Alondra GomezAlondra Gomez
The holidays are a time when people pull together and help those in need feel a sense of community— but with the crippled economy many people are struggling and limited to taking care of their own family’s needs. During this time, it is comforting to hear others’ success stories and find a little light in the darkness.
Barry and Anna VanCura of Ballet Tennessee and VanCura Ballet Conservatory have done more than simply provide a sense of community for Lookout Valley. They have created a family atmosphere where students and parents can celebrate as one.
This year marks the company’s 25th anniversary, and takes them a long way from their humble beginnings on 11th Street at the Farmer’s Market. A major component in keeping them on the road has been the many devoted parents, students, and interns working in personal relations, serving as technical assistants and helping backstage.
The VanCuras are perhaps proudest of the company’s multiple outreach programs. Area school residencies, a one-day lecture demonstration on site, and daytime performances presented to home schoolers, public and private school audiences all provide “a new vehicle for learning and art appreciation,” according to the company.
A 15-year partnership between Ballet Tennessee and the City Parks and Recreation Department presents the annual Dance Alive sessions of free dance classes to children ages 8-11, culminating in a summer performance at the UTC Fine Arts Center, another Ballet Tennessee partner.
A seven-year partnership with the Siskin Children’s Institute integrates learning and dance for children with disabilities and their typically developing peers. And branch classes serve preschool children in community-based settings. Ballet Tennessee maintains two locations for after-school classes at Mountain Arts Community Center in Signal Mountain and Good Shepherd School on Lookout Mountain.
The Talent Identification Program provides talented and motivated students with scholarship assistance to continue their study of dance throughout the school year and gives them performance opportunities with Ballet Tennessee.
Barry VanCura explains the circumstances of the current students: “All three children are in single-parent homes with economic challenges that would make professional ballet training cost prohibitive.” He adds that they all also “display significant talent that is worthy of scholarship assistance and an opportunity to develop professional careers.” The VanCuras’ obvious affection and dedication to these students is clearly reciprocated. When interviewed, they displayed a true attachment, saying that the VanCuras have given not only of their time, but also of themselves.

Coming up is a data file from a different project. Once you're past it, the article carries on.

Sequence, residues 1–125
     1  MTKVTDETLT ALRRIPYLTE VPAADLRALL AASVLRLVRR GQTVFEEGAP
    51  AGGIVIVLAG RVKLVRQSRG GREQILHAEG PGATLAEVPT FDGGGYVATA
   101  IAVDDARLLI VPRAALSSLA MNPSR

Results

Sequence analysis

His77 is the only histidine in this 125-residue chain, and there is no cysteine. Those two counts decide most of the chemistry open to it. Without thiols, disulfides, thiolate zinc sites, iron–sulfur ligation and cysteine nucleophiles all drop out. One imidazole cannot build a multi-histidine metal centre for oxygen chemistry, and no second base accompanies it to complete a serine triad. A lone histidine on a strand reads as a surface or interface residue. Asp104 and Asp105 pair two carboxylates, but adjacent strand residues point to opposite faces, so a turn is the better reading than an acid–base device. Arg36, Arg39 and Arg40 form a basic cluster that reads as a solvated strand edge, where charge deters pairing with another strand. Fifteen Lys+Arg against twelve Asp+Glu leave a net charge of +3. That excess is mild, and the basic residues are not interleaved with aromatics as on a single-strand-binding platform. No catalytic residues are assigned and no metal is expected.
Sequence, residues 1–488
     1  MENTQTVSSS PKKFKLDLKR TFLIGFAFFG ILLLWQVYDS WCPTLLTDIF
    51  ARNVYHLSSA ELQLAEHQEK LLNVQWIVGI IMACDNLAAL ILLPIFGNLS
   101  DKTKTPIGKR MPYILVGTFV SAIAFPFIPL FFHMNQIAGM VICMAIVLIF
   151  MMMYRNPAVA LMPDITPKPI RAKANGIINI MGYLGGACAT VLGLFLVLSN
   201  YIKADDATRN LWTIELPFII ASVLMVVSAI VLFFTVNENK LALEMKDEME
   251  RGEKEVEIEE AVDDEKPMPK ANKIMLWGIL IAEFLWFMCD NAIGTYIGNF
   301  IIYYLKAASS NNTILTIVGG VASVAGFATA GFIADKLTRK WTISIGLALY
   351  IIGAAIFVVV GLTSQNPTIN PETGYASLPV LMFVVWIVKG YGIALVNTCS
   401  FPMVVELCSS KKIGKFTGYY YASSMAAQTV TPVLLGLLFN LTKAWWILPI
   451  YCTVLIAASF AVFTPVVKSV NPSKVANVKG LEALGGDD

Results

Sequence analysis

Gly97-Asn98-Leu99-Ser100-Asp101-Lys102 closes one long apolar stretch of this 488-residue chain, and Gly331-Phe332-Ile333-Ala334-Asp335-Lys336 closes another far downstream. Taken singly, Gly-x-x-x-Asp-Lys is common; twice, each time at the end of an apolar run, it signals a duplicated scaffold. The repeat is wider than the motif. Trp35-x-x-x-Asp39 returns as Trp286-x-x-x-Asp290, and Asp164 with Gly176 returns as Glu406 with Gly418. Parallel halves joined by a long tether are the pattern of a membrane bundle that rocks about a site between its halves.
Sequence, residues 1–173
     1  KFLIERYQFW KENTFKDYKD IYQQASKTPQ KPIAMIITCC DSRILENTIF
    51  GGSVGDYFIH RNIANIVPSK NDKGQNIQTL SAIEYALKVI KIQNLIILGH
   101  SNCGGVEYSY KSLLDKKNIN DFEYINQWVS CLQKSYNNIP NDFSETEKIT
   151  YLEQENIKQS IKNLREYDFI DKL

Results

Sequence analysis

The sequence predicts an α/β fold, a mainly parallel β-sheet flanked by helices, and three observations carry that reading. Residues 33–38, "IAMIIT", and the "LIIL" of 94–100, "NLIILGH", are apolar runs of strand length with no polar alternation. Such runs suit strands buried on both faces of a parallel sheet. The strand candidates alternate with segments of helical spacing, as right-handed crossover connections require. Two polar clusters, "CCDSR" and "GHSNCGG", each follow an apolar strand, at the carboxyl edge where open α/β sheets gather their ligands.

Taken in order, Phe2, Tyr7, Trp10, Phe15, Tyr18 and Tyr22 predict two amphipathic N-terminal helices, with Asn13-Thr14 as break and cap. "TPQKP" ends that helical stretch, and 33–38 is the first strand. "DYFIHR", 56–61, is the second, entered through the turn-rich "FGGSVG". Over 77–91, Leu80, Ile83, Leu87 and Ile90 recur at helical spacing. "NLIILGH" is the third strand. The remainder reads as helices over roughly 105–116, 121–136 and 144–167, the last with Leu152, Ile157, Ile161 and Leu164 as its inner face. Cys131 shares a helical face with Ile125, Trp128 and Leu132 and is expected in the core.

Nia Sanders, 14, a GPS scholar student, began the program five years ago. Sanders notes of her decision to dance, “I definitely wasn’t serious about dancing. Just did it for fun. It wasn’t really until I started going en pointe that I kind of knew that this was something I could see myself doing for the rest of my life.” Supported solely by her mother, Sanders agrees it can be difficult pursuing dance under those circumstances. “It’s definitely a lot different than having both parents there. But here [Ballet Tennessee] is another support system, another family that you can talk to. When my mom can’t be there, I can always come here.” Sanders offers her perspective on her Ballet Tennessee “parents”, saying, “The VanCuras can be hard on us, but it’s because they want us to improve.”
Alondra Gomez, a CCA student, entered the program at age 8. Now 14, Gomez admits she was pushed into ballet by peer pressure, “I wasn’t actually thinking of ever being a ballerina until I started and gave it a shot and realized this is really fun.” She went on to explain that Ballet Tennessee students have many opportunities to perform for the community and have appeared on the stages of the Tivoli, the UTC Fine Arts Center, the Memorial Auditorium and several local schools. As a result of the performances in local schools, many new students have joined the Ballet Tennessee ranks. Gomez echoes Sanders’ comment on the VanCuras, adding, “They have made us so strong in our art form it is really incredible.”
Forrest Davis, 16, a Signal Mountain High School student, had a different story to tell about his initial involvement with ballet. “I’ve had a lot of problems since I was little,” he admits, speaking of a troubled childhood. “And dance has really helped me in school a lot. Since I started dance, I’ve gotten As and Bs. It’s helped me have something to live for.”
He got his start with the Dance Alive Program. His first dance camp took place at the Center for Creative Arts, where he was offered a scholarship for nine months to Ballet Tennessee. Davis’ dance roots include break-dancing and hip-hop, but he points out that ballet has greatly enhanced his abilities in these other dance forms.
As for his mother’s support, Davis speaks candidly of her reaction to his interest in ballet, “At first she was like, ‘This is gonna be something like baseball or something that he does for a year and he’ll get over it.’” Yet his interest and commitment have been sustained.
Davis speaks affectionately of the VanCuras, confirming the familial atmosphere felt by everyone at Ballet Tennessee and the surrounding community. “The VanCuras have given me so much. I feel like I can call them up, and I can say, ‘Financially right now, we cannot afford to pay for this,’ and they will either extend it or they will say, ‘We got it.’ Because they do know that this is a positive thing in my life that needs to be there.”
Sanders, Gomez, and Davis along with the rest of the Ballet Tennessee company will perform The Nutcracker for the third consecutive year at the UTC Fine Arts Center. Guest artists this year are former BT student Fredrick Davis of the Dance Theatre of Harlem, and Sean Hilton of the Northwest Florida Ballet.